Great egret (Ardea alba)
By Jan Baumgartner
The great egret is an elegant heron adorned in white, magnificent plumage and is nearly the size of the great blue heron.
Inhabiting six of the seven continents, this long-legged and long-necked marvel is at home near most bodies of water, salt or fresh. The great egret serves as the “spokesbird” for the Audubon Society’s emblem.
It was the first critically endangered bird whose nearly tragic end was prevented by the society’s conservation efforts through legislation. Like all babies, the ones pictured here are still totally dependent on their parents for food and protection. Baby egrets are nest bound until 4 weeks old when they gain the strength and balance to begin exploring, on foot, the branches supporting their nest — as high as 50 to 100 feet off the ground. Talk about a tightrope act!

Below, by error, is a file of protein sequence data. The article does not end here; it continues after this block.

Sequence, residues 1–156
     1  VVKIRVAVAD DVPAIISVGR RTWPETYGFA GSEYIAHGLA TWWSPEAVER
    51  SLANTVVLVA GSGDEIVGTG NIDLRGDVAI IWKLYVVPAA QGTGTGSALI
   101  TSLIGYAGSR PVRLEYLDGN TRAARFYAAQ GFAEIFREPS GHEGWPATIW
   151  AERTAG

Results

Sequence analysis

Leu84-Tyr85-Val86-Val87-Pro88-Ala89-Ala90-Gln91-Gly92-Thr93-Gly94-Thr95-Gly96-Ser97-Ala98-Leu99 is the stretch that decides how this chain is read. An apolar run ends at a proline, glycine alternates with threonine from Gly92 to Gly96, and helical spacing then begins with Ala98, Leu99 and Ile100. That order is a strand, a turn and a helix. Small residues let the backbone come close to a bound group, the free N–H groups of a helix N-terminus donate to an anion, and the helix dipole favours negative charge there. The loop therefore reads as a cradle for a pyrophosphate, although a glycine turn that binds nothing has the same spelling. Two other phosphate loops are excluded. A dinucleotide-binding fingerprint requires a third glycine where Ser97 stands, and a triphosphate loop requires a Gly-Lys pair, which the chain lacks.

In another two to three weeks, this brood will test their fledgling wings to become newly minted aviators under parental supervision. It takes a closely knit community to raise all the baby egrets that will, in about two years’ time, keep the colony going strong in adulthood.